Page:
I agree. I think that in the long run, when we're in the George Jetson age, technology will connect function/performance with "green" ideals. But in the short term we're screwed. They've got the ratchet on us now and they're going to slowly tighten down whether the paint cos and technology are there or not. Your concerns and needs are of no concern to them, period. Screw off peon. Look at the oil companies.

Back in the mid 2000's the government mandated that gas companies begin adding a certain additive to fuel, much like ethanol, by 2011 or so. Well we're there now and the oil companies are paying stiff fines because they aren't adding the required additive. Why? Because the additive just couldn't be created. The government doesn't care. Pay up biatch! That means you, the fines are reflected in the cost of your gasoline.

We've turned our lives and destinies over to the government bureaucracy, and it has its own agenda outside of ours, get used to it.
 

· paper hanger and painter
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I agree. I think that in the long run, when we're in the George Jetson age, technology will connect function/performance with "green" ideals. But in the short term we're screwed. They've got the ratchet on us now and they're going to slowly tighten down whether the paint cos and technology are there or not. Your concerns and needs are of no concern to them, period. Screw off peon. Look at the oil companies.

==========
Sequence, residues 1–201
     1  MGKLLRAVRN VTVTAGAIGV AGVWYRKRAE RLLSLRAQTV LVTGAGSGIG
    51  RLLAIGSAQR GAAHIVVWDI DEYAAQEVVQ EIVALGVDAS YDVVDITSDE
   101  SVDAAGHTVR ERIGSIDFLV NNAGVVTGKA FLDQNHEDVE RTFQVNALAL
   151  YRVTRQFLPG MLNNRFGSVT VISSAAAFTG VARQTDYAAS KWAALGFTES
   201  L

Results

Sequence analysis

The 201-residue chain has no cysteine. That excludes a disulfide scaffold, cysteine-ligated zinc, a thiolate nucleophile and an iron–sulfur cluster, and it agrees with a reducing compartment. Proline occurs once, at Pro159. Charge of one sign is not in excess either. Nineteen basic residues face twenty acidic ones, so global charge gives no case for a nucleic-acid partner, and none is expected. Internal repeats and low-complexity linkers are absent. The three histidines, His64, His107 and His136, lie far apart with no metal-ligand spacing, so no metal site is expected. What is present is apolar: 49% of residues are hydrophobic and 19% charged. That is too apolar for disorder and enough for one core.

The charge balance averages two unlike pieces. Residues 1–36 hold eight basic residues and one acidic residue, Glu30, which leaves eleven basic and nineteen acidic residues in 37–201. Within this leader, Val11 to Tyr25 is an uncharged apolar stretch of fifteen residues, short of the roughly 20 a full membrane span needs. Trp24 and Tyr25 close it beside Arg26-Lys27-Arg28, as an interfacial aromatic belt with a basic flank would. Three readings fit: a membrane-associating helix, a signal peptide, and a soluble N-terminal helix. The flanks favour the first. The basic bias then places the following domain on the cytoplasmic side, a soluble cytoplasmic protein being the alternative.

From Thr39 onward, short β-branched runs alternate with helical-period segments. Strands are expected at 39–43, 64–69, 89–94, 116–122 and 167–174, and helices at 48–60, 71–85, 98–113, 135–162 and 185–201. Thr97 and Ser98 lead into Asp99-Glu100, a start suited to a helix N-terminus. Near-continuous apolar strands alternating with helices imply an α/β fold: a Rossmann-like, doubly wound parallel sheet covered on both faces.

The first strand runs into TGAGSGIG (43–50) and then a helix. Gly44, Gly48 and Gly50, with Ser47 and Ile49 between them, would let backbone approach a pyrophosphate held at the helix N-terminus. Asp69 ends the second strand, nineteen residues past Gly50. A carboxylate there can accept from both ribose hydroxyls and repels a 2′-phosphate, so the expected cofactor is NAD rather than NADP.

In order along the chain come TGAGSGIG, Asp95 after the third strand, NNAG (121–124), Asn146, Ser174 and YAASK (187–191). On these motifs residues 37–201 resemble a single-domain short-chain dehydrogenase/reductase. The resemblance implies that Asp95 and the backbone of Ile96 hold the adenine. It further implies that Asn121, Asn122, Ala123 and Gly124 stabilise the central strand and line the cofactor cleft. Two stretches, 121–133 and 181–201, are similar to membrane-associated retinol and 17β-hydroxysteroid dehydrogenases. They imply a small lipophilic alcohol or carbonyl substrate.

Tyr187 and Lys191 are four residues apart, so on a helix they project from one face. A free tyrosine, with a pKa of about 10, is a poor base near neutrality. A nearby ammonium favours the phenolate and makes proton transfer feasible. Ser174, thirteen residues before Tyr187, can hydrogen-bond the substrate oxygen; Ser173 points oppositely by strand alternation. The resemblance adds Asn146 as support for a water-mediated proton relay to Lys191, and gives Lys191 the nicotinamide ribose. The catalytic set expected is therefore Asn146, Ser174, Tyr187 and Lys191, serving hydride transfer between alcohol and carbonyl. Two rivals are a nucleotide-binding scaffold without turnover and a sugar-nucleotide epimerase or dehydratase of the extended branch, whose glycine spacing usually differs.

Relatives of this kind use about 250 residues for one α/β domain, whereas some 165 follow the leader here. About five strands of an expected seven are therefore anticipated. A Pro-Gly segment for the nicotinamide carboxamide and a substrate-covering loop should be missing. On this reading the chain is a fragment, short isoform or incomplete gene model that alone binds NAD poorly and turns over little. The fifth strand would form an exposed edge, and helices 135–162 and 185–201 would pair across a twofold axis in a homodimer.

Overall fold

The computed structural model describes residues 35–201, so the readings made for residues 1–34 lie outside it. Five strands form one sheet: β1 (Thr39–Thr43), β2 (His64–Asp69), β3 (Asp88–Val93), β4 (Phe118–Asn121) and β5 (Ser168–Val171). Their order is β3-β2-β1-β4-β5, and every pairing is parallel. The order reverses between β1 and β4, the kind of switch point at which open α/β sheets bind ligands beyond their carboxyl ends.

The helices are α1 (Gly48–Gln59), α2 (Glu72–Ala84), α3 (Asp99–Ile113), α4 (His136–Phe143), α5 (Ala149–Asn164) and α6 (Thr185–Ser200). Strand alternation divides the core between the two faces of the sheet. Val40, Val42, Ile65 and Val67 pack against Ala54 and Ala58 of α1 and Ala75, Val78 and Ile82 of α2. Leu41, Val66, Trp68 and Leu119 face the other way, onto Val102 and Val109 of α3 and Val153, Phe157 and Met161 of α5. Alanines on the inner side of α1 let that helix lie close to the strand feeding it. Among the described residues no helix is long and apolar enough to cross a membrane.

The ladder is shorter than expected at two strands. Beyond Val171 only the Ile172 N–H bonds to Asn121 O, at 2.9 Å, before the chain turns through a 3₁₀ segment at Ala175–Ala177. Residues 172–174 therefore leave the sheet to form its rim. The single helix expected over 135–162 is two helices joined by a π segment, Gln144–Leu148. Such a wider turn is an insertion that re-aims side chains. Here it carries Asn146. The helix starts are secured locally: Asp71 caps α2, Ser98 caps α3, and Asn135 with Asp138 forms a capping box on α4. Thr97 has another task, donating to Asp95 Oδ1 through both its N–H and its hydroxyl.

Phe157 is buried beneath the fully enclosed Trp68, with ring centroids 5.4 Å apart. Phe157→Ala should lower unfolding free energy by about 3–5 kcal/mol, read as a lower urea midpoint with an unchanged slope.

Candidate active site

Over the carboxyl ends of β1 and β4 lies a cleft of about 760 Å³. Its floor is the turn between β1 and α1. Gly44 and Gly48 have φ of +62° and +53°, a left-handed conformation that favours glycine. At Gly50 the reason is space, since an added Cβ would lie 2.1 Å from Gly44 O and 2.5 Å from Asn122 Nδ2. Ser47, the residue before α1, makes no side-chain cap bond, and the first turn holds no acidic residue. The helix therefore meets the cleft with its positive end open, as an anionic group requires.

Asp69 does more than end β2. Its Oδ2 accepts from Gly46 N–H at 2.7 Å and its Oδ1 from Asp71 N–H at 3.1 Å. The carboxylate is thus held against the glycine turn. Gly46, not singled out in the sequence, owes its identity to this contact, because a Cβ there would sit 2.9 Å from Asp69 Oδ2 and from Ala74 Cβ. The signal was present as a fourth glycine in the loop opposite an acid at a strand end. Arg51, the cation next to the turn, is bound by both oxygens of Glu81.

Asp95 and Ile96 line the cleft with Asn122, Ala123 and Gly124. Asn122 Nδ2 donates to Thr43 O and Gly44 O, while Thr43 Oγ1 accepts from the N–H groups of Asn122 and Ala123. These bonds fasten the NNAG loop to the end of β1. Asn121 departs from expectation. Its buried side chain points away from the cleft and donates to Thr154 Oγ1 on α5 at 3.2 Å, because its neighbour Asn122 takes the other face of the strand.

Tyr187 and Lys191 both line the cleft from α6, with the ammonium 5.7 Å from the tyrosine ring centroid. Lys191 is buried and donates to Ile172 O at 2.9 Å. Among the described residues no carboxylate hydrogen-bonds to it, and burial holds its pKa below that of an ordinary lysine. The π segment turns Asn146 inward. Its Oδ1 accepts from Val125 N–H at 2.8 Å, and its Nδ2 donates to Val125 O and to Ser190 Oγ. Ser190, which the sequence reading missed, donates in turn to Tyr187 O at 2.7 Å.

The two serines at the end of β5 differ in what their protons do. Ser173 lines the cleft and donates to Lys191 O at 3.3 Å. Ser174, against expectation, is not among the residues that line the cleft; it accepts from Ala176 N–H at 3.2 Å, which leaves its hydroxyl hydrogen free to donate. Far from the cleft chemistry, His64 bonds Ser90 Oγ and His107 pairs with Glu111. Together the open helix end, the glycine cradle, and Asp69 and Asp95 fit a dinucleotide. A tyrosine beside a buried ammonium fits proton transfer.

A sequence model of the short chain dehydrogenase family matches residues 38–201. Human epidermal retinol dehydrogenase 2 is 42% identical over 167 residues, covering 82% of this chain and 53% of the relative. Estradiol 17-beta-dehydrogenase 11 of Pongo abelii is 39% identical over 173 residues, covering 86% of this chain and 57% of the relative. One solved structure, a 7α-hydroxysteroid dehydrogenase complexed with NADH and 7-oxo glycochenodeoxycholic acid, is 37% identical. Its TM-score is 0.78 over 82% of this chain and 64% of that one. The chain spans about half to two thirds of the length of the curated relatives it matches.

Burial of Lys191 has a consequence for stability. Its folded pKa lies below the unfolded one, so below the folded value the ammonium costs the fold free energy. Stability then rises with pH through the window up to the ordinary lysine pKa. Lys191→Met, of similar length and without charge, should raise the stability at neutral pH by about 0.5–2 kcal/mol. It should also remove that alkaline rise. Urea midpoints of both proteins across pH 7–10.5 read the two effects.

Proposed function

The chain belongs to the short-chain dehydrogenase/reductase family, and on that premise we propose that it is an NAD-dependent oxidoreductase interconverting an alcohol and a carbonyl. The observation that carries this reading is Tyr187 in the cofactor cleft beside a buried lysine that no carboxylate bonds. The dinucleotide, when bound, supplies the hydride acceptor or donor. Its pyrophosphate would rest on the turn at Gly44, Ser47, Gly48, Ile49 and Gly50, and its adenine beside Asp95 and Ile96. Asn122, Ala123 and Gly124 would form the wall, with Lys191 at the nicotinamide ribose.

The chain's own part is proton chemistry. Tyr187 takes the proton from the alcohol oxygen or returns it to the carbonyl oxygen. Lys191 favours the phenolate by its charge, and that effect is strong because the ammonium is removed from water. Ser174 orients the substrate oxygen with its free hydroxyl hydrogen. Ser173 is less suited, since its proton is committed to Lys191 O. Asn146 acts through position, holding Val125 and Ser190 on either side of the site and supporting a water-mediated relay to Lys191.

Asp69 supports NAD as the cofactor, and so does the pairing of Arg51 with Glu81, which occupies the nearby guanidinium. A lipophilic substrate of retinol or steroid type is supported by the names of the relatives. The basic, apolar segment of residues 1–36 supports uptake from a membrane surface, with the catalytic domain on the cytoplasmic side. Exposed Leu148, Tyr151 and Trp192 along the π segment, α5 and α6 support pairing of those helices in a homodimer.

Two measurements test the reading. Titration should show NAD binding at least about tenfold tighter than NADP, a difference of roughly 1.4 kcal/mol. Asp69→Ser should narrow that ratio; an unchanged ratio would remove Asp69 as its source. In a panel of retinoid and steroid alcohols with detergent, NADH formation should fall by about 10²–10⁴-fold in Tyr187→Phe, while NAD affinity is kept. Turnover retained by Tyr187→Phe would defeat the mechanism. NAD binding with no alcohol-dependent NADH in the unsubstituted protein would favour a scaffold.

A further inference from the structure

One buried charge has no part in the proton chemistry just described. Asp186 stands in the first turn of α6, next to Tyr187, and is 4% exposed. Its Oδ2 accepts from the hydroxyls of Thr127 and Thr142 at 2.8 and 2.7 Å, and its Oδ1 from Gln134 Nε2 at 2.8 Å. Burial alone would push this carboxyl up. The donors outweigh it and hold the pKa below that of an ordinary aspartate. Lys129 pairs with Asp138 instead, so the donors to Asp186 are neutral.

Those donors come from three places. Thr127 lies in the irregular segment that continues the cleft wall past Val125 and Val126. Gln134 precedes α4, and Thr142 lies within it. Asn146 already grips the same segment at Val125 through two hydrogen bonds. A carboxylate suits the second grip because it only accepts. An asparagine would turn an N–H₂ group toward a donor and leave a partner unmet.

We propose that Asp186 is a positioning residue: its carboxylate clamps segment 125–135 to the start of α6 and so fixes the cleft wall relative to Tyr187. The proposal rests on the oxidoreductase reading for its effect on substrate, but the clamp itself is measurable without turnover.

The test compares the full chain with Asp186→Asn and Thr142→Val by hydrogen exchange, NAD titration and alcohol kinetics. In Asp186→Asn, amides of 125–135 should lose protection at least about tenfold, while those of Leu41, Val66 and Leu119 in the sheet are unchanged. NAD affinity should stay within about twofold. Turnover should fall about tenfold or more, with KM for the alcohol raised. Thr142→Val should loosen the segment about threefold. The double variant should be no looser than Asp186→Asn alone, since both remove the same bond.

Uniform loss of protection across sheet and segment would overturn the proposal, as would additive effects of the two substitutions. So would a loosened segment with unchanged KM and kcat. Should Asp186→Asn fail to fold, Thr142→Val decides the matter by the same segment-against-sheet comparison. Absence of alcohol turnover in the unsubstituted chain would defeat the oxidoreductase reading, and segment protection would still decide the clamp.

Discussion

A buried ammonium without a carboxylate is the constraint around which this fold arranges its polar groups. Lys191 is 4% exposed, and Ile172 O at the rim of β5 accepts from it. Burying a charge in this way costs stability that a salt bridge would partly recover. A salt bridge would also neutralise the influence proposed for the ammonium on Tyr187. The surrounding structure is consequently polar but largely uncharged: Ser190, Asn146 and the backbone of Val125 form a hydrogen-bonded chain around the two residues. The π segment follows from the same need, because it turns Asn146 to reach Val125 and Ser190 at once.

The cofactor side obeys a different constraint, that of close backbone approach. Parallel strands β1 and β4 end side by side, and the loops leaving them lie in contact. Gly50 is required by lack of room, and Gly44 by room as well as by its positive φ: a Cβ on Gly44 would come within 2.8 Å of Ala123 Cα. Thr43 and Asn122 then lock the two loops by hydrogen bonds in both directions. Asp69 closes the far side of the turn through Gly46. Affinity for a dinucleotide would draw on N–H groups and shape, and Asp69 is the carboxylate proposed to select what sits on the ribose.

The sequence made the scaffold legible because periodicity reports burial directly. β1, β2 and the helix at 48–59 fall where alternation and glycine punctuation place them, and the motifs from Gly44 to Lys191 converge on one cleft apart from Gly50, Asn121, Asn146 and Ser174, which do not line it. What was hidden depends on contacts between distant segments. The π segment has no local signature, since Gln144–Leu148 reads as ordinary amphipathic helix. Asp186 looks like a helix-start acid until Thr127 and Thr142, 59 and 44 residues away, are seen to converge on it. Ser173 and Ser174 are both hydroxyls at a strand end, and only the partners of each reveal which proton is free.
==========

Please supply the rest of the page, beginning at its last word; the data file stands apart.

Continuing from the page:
Back in the mid 2000's the government mandated that gas companies begin adding a certain additive to fuel, much like ethanol, by 2011 or so. Well we're there now and the oil companies are paying stiff fines because they aren't adding the required additive. Why? Because the additive just couldn't be created. The government doesn't care. Pay up biatch! That means you, the fines are reflected in the cost of your gasoline.

We've turned our lives and destinies over to the government bureaucracy, and it has its own agenda outside of ours, get used to it.[/quote]


wow!:eek:
 

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Now I remember about ten years ago I tried to buy some paint for my motorcycle ( outside of California), I asked the guy for lacquer. He looked at me like i was crazy. Something about lead. He sold me some stuff I needed a full suit and respirator to spray. Told me one time exposure could be the end of my painting career. I agree this government regulation is just ridiculous. And let us not forget mtbe additive to our gas